Scouting Oakland’s Return for Rich Hill, Josh Reddick

The Athletics are moving two rentals in exchange for three very interesting pitching prospects, all of whom have bullpen-worthy stuff at worst — and mid-rotation upside at best.

The headliner of the deal, at least as far as upside is concerned, is RHP Grant Holmes. Holmes, who was committed to Florida, was the 22nd-overall pick in 2014 and signed for $2.5 million out of Conway High School in South Carolina. He touched 100 in high school and was one of the draft’s more advanced prep arms with a more mature body and better strike-throwing ability than many of his hard-throwing peers. After signing, he descended upon the AZL, which was clearly already beneath him at the time, and dominated before moving to the Pioneer League for his last few starts of the season.

In 2015, Holmes’ control went backwards and he walked 54 hitters in 103.1 innings for Low-A Great Lakes. Walks have remained an issue this season (43 free passes in 105 innings). Holmes is an above-average athlete and his delivery isn’t overtly violent or difficult to repeat, but his arm action is long and his release point has been inconsistent. Eventually, I think Holmes will throw enough strikes to start though two straight years of serious control issues are officially concerning.

The stuff is great. Holmes was 92-94 mph and touching 95 for me in April and has generally been in that range all year. His fastball moves, a product of his arm slot, and can be unhittable when he locates it. Holmes’ primary offspeed weapon is his curveball which, when he breaks off a good one, looks like a slider’s caricature. It has two-plane, slider shape and slider velociy (about 79-82) but has the vertical depth of a curveball. It flashes plus but is also inconsistent and can tilt in without much bite.

Holmes’ arm speed lends itself to changeup projection. He’s already shown feel for generating movement with it as well as the ability to throw it to right-handed hitters. It generally sits 84-85 and flashes average, though I believe it has more projection than that.

The repertoire is undoubtedly starter-worthy, and for me it projects as that of an above-average #3 or #4 type of rotation piece, but the way Holmes’ command has begun to rot is a little concerning. I’m still willing to bet Holmes figures things out and finds his way into Oakland’s rotation, though, because he hasn’t thrown strikes for two seasons now, the risk that he doesn’t has grown.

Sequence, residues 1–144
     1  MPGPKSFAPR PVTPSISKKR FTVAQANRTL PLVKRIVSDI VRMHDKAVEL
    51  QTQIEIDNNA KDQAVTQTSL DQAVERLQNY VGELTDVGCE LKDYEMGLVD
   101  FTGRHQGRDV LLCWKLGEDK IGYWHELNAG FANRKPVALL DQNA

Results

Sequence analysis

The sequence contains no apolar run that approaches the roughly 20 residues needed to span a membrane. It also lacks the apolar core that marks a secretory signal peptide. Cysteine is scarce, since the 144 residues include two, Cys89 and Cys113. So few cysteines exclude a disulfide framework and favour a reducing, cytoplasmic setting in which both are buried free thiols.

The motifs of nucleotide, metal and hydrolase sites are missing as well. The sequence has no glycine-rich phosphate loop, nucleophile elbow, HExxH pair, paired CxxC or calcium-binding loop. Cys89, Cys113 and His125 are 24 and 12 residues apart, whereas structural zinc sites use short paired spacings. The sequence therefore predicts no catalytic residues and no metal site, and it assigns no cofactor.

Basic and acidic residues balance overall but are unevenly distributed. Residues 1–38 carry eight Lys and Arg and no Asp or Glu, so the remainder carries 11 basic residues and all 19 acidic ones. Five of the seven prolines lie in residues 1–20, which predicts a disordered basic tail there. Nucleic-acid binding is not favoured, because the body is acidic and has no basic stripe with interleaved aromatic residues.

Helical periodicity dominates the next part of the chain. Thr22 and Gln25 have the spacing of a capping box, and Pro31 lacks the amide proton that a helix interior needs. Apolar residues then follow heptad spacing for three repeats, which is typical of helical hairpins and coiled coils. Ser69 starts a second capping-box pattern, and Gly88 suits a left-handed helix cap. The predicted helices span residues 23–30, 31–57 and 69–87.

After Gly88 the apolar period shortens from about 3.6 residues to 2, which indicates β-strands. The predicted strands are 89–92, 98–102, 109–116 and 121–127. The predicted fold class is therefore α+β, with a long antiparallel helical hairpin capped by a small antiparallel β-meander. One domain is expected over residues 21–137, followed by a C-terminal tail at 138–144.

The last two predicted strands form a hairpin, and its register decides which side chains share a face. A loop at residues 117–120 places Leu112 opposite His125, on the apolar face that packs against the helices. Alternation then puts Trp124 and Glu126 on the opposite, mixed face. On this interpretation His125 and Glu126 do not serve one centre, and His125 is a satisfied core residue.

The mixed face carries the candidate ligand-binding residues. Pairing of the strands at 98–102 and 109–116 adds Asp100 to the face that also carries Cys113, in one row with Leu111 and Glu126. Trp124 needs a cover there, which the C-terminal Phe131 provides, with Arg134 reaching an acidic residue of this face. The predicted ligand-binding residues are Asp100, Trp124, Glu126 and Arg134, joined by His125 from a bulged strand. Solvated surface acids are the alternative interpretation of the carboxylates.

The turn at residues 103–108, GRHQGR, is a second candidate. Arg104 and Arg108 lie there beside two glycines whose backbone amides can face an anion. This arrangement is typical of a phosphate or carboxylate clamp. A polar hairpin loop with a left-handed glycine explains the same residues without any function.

Grant Holmes, Tool Profile
Tool Present Future
Fastball 60 60
Curveball 50 55
Changeup 45 55
Control 40 50
FV 50

The next piece in the deal is probably the most famous in RHP Frankie Montas. Montas has missed most all of this season because of a recurring rib injury that may require surgery. Montas had a rib removed in February, broke another in late June and had a four- to eight-week timetable for return when that injury was announced.

Montas has flashed starter’s stuff but has had strike-throwing issues of his own throughout his career. His fastball has been up to 102 and he regularly sits 96-99. Montas has issues staying on line to the plate, especially from the stretch, and his strike-throwing suffers as a result. I’ve left some of Montas’ starts thinking he has a chance to be a rotation piece and others resolute in his relieverdom. I think it’s justifiable to continue to run him out there as a starter and hope it clicks — while also expecting it not to. Montas’ arm has been durable despite his past rib and knee issues and he has the secondaries to pitch through a lineup several times, even if he does so inefficiently.

Montas’ slider sits 86-90 and moves more like a cutter. It’s plus, and he can miss bats with it even when he’s not hitting his spots. I’ve seen Montas throw an above-average changeup but it’s generally fringe to average and he’s seldom needed it in shorter stints.

Frankie Montas, Tool Profile
Tool Present Future
Fastball 80 80
Slider 60 60
Changeup 45 50
Control 40 45
FV 50

Finally, we arrive at Jharel Cotton. Cotton is from the U.S. Virgin Islands and made the 2016 Futures Game World roster. His out pitch is a Bugs Bunny changeup in the 78-82 mph range that features late dive away from hitters. It’s a plus-plus pitch for me. Cotton was up to 97 in the Fall League last year but generally sits 92-94 with an average cutter in the 87-90 mph range. His breaking ball is below average but Cotton has begun to learn how to use his cutter to finish off right-handed hitters which I think de-emphasizes the importance of his breaking ball.

Cotton is just an average athlete and he has had some bouts with wildness, but I think he’ll throw enough strikes to start and this might end up being the best arm in the deal. I’m more confident that Cotton can start than I am about Montas, and Cotton is much closer to providing big-league value than Holmes.

Jharel Cotton, Tool Profile
Tool Present Future
Fastball 60 60
Cutter 50 55
Changeup 70 70
Control 40 45
FV 50

Eric Longenhagen is from Catasauqua, PA and currently lives in Tempe, AZ. He spent four years working for the Phillies Triple-A affiliate, two with Baseball Info Solutions and two contributing to prospect coverage at Previous work can also be found at Sports On Earth, CrashburnAlley and Prospect Insider.

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5 years ago

Cotton has a very Jarod Weaver look where his landing takes him out to an extreme 3B angle in a similar way.

5 years ago
Reply to  jmsdean477

Arrieta does that too. I think Weaver and Cotton (there’s a pun there somewhere) are on pretty opposite ends of the height spectrum though, so I wonder if that delivery feature serves a different purpose for each of them.